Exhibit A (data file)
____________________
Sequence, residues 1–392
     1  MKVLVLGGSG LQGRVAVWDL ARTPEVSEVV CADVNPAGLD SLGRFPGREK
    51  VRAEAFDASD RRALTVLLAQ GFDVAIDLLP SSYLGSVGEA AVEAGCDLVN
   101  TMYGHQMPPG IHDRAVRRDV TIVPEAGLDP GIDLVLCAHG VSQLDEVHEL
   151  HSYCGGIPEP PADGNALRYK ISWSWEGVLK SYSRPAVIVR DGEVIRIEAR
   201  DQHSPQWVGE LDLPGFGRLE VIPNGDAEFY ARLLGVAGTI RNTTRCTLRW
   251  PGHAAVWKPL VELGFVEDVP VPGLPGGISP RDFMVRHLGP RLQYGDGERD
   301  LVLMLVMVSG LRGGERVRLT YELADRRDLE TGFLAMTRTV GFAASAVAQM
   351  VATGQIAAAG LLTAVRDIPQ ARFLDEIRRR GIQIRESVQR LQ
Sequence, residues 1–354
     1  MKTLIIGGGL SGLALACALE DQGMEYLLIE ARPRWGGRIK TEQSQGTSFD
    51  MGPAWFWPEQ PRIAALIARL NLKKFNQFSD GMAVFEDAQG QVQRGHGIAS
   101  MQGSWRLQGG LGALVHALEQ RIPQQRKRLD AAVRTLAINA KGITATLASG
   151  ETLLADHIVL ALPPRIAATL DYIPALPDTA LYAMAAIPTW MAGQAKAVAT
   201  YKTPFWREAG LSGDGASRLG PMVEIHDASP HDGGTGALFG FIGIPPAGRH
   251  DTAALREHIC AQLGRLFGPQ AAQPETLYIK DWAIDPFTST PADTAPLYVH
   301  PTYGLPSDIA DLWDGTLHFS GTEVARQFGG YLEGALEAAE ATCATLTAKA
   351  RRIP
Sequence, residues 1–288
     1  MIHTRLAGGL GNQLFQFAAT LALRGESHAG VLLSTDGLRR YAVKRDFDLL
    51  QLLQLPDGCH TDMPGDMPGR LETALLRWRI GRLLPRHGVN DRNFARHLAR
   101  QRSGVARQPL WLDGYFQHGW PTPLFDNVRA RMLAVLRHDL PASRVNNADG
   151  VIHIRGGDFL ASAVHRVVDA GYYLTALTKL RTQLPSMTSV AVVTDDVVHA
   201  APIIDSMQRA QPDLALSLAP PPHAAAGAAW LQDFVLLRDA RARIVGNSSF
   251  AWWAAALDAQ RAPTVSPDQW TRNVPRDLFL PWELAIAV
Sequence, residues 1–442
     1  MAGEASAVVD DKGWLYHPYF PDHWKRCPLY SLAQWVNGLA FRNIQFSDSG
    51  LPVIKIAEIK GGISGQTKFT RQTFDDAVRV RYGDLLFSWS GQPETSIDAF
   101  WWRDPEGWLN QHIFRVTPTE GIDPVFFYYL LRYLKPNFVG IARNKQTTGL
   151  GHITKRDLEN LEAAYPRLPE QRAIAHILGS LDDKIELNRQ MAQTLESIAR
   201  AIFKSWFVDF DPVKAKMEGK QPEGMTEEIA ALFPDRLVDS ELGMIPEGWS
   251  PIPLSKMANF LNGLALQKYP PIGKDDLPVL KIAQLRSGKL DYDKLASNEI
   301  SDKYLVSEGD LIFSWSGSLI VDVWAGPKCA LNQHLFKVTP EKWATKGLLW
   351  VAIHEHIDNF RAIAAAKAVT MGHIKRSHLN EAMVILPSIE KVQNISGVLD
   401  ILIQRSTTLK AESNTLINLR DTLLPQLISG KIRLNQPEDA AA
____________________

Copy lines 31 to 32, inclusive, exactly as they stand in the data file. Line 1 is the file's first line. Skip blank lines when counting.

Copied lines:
   201  AIFKSWFVDF DPVKAKMEGK QPEGMTEEIA ALFPDRLVDS ELGMIPEGWS
   251  PIPLSKMANF LNGLALQKYP PIGKDDLPVL KIAQLRSGKL DYDKLASNEI